Will: It was a search engine. In the beginning Yahoo was considered to be a Dewey Decimal catalog…

John: It was a list.

Will: …of the Internet.

John: Giant list.

Will: Excite was more of an algorithmically driven site. Now…

John: Excite was just Google that didn’t quite get there?

Will: Well, one of the mistakes that I think we made at Excite, and the people that were there might take great exception to this theory…This is my story, my interview. I think one of the things that we thought of was that Yahoo was an intermediate editor. A curatorial layer that would parse the Internet into a gigantic Dewey Decimal course catalog. Excite was much more algorithmic. Then some of us had the idea of, “Well, we could make money if we charge people to be listed higher in Excite.” I remember thinking, “Wow, this could be the equivalent of “The New York Times” saying you can get a better review for your movie if you’re an advertiser than if you’re not.” That would then not be a movie review. It would be a paid listing.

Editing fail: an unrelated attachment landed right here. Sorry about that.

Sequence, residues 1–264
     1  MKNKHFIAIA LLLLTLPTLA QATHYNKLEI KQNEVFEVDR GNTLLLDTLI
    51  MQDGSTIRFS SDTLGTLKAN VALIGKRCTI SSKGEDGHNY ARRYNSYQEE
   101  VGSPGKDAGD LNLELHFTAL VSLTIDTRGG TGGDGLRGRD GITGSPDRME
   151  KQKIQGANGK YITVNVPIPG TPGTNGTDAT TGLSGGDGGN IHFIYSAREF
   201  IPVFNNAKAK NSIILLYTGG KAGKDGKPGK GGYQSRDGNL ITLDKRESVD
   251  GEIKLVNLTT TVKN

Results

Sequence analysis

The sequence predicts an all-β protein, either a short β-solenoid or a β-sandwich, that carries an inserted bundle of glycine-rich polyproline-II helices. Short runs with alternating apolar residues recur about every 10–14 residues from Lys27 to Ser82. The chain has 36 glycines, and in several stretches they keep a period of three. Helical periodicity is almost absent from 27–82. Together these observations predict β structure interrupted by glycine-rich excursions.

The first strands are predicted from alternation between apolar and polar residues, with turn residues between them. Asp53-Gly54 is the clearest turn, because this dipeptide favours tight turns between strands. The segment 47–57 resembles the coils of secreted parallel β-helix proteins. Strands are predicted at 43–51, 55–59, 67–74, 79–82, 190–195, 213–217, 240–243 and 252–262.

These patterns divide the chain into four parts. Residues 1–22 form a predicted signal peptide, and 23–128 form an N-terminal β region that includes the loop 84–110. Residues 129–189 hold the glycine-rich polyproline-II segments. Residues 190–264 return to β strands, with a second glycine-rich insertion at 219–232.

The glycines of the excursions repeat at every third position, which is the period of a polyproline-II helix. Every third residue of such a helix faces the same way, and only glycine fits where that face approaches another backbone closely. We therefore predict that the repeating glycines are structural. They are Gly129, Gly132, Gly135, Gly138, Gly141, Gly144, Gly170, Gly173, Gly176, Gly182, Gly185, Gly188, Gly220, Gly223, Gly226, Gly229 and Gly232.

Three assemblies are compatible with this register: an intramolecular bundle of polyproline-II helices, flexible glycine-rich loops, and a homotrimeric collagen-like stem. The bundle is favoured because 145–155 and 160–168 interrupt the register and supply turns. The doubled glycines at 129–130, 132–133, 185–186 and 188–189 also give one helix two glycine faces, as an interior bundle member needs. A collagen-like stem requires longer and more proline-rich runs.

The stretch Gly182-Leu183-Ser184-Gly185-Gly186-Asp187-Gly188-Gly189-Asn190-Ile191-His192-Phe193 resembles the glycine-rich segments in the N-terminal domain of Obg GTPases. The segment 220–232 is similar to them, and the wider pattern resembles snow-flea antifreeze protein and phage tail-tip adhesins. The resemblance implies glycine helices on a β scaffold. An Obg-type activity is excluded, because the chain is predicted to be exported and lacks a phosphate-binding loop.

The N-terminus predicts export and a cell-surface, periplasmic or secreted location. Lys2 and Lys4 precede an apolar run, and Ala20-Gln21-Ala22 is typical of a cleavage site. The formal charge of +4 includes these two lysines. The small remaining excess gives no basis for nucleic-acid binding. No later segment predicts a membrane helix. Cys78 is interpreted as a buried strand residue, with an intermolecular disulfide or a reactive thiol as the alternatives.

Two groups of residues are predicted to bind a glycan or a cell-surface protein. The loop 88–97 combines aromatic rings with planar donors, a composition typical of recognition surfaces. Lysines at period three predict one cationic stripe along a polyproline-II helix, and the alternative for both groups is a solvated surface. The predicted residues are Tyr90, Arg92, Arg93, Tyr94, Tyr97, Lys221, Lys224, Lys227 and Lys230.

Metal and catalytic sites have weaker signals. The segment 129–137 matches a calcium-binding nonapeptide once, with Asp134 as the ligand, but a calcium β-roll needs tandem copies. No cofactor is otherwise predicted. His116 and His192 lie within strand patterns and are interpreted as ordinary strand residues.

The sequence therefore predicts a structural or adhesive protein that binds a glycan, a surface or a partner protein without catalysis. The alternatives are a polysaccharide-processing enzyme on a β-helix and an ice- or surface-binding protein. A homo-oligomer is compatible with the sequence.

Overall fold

This did help catapult Excite to catch up with Yahoo from a business proposition, but it polluted it. I remember first meeting Larry and Sergey. They had a violent opposition to this idea, that the algorithm ought to truly present what you are searching for and not what someone had paid for you to see.

John: What happened there?

Will: Well, Google did well, [laughs] and Excite merged with @Home.

John: They changed their model along the way, Google, I’d say, right?